Fractured pieces of a glass pane are put together in artist Quac In-sik’s works. The broken glass bears impressions of the heavy metal ball that fell on it, dramatically revealing the materiality of the fragile object.
Quac In-sik’s 1963 glass work, titled “Work 63” (MMCA)
Quac’s experimental works have greatly influenced many artists who came after him, but his works have been unheralded.
The National Museum of Modern and Contemporary Art’s Gwacheon branch is holding a Quac retrospective, part of its attempt to reassess the artist’s influence on the South Korean and Japanese art scenes.
“Quac In-sik has been known for his painting series using traditional ink. But this exhibition focuses more on his works made with glass, which present his great interest in materials and their materiality,” exhibition curator Park Soo-jin said during a press conference held Wednesday at the MMCA’s Gwacheon branch.
The exhibition, which celebrates the 100th anniversary of Quac’s birth, features some 100 works in addition to 100 archival materials from Korea and Japan.
Quac In-sik (MMCA)
Born in Daegu in 1919, Quac lived most of his life in Japan after moving there in 1937 to study at the Japan Fine Art School.
He returned to Korea in 1942 to hold an exhibition in Daegu but went back to Japan in 1949 to focus on his productions. In 1985, he returned for a retrospective exhibition at the MMCA. He died of cancer in 1988.
Quac chose to stay in Japan, even though he did not receive much attention from critics or the public at the time, because it was the only place he could create avant-garde art by then, curator Park explained.
In Japan, Quac produced a wide range of works, from paintings to experimental works that utilized various materials, including glass, brass and paper, and held more than 50 exhibitions.
The MMCA said Quac greatly influenced the pioneering art movement Mono-ha (School of Things), which came to being in Tokyo in the late 1960s, led by the Korean artist Lee U-fan and Nobuo Sekine.
A video of interviews of Japanese art critics and Korean artists shown at the exhibition says Quac and Lee U-fan share a certain aesthetic, even though the two artists are quite different from each other.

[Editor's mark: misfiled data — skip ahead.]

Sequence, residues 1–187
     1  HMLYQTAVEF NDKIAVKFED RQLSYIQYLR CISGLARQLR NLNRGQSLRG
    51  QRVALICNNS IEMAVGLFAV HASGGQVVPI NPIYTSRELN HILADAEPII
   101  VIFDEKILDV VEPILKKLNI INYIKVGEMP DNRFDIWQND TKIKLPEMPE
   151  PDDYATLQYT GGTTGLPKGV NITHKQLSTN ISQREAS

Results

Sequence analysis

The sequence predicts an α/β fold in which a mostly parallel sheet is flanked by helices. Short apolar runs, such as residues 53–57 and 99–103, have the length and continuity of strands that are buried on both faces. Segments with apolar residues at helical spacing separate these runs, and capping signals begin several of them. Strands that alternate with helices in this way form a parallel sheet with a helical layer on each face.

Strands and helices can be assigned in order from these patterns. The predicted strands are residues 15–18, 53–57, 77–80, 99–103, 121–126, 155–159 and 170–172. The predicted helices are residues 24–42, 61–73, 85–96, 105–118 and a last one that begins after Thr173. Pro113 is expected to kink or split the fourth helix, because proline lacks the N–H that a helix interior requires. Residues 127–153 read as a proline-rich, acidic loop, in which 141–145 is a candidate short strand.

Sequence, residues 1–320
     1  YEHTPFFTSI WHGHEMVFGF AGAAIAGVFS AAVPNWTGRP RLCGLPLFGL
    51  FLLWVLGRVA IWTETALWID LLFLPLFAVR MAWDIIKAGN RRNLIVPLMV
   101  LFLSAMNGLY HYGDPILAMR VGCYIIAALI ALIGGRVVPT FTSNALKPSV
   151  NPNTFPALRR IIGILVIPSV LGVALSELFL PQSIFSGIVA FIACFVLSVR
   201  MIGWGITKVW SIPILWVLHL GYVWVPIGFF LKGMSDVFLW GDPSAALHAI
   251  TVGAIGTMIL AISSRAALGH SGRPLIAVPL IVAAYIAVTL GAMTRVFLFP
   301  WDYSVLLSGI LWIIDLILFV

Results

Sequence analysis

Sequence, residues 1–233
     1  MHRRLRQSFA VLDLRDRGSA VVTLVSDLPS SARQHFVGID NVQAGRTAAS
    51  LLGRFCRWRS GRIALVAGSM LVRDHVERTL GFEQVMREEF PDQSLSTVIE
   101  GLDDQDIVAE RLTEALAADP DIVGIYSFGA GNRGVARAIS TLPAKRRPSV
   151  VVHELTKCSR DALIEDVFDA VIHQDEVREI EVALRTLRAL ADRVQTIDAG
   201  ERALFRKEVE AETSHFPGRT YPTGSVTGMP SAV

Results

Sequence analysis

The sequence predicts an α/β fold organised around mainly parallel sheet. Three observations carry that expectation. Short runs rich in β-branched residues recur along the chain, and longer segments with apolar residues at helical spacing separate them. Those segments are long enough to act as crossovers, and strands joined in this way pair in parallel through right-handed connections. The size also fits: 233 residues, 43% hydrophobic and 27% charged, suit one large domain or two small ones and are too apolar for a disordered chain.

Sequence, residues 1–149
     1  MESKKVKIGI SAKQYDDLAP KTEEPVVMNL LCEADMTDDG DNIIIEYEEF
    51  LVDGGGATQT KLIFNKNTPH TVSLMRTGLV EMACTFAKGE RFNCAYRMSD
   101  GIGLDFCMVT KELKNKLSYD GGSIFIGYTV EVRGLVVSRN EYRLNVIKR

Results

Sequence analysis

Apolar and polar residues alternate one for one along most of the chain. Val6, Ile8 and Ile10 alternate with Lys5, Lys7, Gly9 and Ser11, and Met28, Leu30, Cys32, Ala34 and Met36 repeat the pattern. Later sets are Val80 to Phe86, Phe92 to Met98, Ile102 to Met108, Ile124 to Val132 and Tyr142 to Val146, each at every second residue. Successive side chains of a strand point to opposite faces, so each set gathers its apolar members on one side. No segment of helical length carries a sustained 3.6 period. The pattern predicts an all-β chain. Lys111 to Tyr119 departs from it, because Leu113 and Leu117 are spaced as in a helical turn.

It was after an exhibition in Tokyo in 1975 that Quac began receiving a significant reception in Japanese art circles, through art critics Joseph Love and Minemura Toshiaki.
However, interest in the artist soon faded and Quac remained neglected both in Japan and Korea, according to the museum.
According to the MMCA, this may have been largely due to the artist’s background. Quac was a Korean artist living and working in Japan and thus had loose connections to both the Korean and Japanese art scenes.
Hyundai Gallery in 1982 held a retrospective exhibition for Quac, highlighting only part of the artist’s oeuvre. The MMCA’s 1985 retrospective was larger in scale, but ran it for only 10 days.
The latest exhibition at the MMCA’s Gwacheon branch aims to do what should have been done earlier -- give Quac his due as an artist whose work merits a serious look.
The exhibition is divided into three sections, organized chronologically.
The first section includes his early period from 1937 to the end of the 1950s. Titled “Perception of Reality and Exploration,” the section includes his 1937 painting “Figure(man),” which is thought to be a self-portrait. Quac’s surrealist painting also shows his keen interest in the international art trends of his time.
Quac In-sik’s 1965 brass work, titled “Work 65-6-2” (MMCA)
The highlight of the exhibition is a section titled “Fractures and Sealing (1960s to 1975),” which presents a range of works that demonstrate the artist’s experimentation with various objects, including glass and brass.
The last section includes installations of stones, earthenware and wood, in addition to his well-known color-dot paintings.
The exhibition runs through Sept. 15 at MMCA Gwacheon.
By Shim Woo-hyun (email@example.com)